Poverty Bay and the Bay of Plenty

Vineyards in New Zealand's Gisborne/Poverty Bay area (photo via http://www.nzwine.com/)

Vineyards in New Zealand’s Gisborne/Poverty Bay area (photo via http://www.nzwine.com/)

This post is totally based on my own curiosity about geography—which pops up at random times during wine studies—such as last night while I was reviewing the wine map of New Zealand. I noticed that Gisborne is also known as Poverty Bay. What place on earth would want to be known as Poverty Bay?

To me, this is a burning question, in need of well-researched answers—and some wine-related context as well! There’s a fine line, it seems, between a wine geek and a geography geek; and we might as well throw history geek in there as well, because the name Poverty Bay, and its (perhaps) better half up the road a bit, the Bay of Plenty, relate back to Captain James Cook (1728-1779), a captain in the British Royal Navy who made three voyages to the Pacific Ocean, and is believed to be the first European to reach Australia and the Hawaiian Islands and to circumnavigate New Zealand.

Poverty Bay

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There is a lovely series of bays where the city of Gisborne, on New Zealand’s North Island, meets the South Pacific Ocean.  The largest of these is known as Poverty Bay, which stretches for about 6 miles south to a place called Young Nick’s Head. (This too must be explained…it seems that the area, a headland, was the first land sighted by the crew of Captain Cook’s ship, The Endeavour, on October 7, 1769. A reward of a barrel of rum and the right to name the landmass had been offered to the first crewman to sight land; the reward was claimed by 12-year-old Nicholas Young.)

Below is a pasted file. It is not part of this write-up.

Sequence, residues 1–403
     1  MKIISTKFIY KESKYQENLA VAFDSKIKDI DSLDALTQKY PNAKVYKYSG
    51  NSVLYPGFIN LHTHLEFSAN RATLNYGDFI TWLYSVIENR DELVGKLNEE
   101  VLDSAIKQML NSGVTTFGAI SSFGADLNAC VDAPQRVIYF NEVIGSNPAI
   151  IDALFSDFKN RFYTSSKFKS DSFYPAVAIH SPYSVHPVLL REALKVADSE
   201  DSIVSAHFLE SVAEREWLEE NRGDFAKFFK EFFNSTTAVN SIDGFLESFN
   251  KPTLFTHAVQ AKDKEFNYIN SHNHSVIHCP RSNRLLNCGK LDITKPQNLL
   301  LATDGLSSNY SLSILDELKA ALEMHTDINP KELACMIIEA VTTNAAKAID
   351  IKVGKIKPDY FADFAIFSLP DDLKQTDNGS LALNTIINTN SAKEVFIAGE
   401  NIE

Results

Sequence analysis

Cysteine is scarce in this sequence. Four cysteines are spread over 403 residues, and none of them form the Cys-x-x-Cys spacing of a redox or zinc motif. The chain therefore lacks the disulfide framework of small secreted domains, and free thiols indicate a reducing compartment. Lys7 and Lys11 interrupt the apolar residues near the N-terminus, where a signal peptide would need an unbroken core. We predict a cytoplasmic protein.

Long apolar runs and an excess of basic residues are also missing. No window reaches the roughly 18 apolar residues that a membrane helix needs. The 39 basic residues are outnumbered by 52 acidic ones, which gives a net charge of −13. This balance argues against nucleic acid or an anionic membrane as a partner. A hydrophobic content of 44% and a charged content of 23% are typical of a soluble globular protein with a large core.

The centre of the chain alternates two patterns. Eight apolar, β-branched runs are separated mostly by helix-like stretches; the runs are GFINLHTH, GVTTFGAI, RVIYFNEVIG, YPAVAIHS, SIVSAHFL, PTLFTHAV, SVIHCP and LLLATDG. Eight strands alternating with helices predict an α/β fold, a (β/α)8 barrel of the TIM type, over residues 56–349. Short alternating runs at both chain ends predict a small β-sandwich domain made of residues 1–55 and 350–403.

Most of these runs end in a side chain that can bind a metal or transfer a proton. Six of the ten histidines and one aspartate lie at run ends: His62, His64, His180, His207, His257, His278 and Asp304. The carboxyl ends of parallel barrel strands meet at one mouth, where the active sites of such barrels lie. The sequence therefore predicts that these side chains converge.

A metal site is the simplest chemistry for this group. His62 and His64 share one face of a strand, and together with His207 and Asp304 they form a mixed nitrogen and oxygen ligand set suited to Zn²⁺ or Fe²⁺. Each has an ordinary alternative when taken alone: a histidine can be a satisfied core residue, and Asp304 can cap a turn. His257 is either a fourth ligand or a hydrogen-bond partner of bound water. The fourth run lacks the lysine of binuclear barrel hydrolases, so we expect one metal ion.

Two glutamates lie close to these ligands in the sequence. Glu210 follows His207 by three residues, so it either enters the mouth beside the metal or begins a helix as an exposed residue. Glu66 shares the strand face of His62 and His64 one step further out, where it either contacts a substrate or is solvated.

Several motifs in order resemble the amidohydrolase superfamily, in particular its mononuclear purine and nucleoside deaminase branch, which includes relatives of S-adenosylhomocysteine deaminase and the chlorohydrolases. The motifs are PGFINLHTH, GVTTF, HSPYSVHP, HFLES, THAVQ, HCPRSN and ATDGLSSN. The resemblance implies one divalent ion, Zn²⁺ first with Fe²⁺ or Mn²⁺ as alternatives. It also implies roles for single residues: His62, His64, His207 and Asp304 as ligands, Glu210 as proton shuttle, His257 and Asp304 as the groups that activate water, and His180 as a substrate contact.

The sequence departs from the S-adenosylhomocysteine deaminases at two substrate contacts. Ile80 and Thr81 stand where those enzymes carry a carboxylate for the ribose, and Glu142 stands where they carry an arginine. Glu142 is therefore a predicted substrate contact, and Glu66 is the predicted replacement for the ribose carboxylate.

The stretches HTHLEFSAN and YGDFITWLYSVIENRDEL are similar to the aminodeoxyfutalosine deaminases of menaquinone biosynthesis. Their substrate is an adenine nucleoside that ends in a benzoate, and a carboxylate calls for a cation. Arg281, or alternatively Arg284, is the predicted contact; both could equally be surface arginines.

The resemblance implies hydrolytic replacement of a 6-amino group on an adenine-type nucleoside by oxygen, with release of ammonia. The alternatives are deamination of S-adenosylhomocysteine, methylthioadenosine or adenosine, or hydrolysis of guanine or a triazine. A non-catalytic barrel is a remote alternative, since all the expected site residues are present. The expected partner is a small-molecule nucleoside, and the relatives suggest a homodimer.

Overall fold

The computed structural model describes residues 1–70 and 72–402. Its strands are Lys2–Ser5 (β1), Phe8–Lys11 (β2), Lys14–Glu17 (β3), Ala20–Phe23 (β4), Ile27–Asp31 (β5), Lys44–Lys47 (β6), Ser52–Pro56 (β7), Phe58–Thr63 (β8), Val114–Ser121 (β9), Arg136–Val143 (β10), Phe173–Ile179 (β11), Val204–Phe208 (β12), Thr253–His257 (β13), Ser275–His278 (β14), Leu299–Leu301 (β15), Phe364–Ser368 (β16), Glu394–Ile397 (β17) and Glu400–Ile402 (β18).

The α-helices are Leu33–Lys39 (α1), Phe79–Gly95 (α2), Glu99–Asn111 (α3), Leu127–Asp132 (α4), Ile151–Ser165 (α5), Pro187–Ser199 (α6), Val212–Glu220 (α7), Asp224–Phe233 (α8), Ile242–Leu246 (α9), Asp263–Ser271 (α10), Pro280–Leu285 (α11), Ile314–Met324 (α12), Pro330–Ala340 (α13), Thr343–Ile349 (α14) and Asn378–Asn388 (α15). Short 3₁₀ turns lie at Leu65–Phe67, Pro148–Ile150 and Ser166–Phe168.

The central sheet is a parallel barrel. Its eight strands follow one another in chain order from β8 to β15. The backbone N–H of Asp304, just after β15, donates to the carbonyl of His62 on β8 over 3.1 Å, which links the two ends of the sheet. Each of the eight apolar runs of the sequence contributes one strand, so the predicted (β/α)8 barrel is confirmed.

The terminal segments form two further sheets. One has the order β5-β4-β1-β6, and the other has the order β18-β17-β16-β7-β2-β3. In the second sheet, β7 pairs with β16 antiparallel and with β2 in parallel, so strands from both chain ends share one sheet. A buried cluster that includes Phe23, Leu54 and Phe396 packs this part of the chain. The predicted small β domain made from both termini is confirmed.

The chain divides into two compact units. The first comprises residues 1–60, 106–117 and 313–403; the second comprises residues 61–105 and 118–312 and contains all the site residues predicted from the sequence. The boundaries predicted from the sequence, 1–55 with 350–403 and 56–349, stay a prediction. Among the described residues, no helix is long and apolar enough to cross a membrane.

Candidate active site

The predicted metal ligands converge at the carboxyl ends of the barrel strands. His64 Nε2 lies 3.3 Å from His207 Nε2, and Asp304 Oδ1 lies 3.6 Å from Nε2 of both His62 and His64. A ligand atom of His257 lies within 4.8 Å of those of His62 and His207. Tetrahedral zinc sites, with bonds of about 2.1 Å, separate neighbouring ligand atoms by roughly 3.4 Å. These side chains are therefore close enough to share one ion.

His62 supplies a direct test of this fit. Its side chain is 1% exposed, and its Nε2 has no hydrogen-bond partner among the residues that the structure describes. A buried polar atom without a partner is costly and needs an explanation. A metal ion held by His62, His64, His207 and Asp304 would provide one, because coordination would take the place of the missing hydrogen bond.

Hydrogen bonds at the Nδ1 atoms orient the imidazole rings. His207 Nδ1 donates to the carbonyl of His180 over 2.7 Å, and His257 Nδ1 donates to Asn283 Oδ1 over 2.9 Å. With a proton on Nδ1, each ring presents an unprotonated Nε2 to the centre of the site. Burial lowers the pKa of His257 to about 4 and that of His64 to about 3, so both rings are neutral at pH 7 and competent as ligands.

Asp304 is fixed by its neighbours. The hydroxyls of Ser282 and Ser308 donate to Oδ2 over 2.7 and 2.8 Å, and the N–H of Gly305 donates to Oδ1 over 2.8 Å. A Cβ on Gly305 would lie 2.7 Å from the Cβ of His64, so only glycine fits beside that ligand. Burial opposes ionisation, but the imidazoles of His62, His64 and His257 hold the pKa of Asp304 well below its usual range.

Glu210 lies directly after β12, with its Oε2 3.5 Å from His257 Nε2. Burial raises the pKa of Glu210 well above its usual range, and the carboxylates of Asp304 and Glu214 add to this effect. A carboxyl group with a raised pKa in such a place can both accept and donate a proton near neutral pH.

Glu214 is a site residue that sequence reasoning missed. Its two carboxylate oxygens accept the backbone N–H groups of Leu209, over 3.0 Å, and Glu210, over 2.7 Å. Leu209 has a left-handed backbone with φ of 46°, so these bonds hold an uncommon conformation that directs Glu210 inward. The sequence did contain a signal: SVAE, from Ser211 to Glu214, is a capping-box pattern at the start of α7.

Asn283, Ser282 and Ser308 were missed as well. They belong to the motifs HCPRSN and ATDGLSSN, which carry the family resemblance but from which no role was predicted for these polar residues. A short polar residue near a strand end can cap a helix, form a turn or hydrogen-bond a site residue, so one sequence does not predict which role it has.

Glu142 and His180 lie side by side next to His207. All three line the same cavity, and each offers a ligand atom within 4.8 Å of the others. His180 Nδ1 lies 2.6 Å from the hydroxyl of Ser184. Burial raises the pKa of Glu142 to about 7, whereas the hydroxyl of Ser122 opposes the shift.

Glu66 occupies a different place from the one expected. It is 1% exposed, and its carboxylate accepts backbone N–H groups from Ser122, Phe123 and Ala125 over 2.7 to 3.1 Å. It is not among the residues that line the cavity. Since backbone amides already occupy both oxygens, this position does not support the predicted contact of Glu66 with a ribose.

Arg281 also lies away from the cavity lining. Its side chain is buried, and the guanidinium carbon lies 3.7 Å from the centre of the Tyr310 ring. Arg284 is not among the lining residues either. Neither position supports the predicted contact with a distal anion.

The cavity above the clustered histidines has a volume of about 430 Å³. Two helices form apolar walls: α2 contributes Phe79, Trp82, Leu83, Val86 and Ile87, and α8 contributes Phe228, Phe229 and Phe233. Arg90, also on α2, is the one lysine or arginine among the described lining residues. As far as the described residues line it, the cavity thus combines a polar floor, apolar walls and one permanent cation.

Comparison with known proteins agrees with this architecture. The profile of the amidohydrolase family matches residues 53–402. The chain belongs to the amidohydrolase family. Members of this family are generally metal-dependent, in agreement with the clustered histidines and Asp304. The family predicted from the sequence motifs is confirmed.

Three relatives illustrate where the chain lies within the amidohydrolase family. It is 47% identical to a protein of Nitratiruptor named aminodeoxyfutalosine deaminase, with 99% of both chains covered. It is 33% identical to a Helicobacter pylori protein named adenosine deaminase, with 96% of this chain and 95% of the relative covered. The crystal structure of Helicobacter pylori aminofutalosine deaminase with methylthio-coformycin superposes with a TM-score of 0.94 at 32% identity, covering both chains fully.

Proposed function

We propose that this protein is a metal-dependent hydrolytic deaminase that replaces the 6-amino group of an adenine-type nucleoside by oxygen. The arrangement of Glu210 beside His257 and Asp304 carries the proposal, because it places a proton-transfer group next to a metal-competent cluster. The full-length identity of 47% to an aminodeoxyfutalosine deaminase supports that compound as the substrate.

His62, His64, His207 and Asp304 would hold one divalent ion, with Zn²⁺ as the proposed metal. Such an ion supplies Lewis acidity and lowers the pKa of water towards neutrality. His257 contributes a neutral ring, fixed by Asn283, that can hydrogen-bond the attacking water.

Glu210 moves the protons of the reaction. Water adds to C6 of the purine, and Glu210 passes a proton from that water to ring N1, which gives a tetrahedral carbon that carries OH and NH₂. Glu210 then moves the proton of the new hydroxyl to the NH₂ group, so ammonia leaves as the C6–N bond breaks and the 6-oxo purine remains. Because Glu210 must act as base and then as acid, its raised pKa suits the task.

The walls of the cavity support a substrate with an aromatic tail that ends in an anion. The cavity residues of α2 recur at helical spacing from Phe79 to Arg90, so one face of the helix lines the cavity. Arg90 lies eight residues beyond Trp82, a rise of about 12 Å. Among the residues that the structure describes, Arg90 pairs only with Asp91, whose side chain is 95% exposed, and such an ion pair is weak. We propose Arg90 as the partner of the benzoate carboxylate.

Later that day, the ship’s crew went ashore.  They encountered the residents of the land, the Maori, and it did not go well. The first meeting led to the death of 6 Maori, and the crew, quite battered themselves, returned to their ship without any of the provisions they had hoped to acquire. For this reason, Captain Cook gave the area the name “Poverty Bay.” Perhaps they should have stayed with Maori name, which at the time was Teoneroa; today it is Te Kuri o Paoa.

From the department of I thought this was a wine blog: These days, Gisborne/Poverty Bay is the third largest producer of wine (in terms of volume) in New Zealand, and yet it seems to be somewhat obscure. Perhaps it’s the out-of-the way location. The area currently has 4,735 acres (1,915 ha) of vines. Chardonnay is the most widely planted variety, at about 2,312 acres (936 ha). Pinot Gris is next, with 950 acres (381 ha). Gewurztraminer, Merlot, and Viognier are widely planted as well. New Zealand’s super-star grape, Sauvignon Blanc, actually comes in around sixth place in Gisborne, with about 138 acres (56 ha) planted.

Vineyards in the Waikato/Bay of Plenty area (photo via http://www.nzwine.com/)

Vineyards in the Waikato/Bay of Plenty area (photo via http://www.nzwine.com/)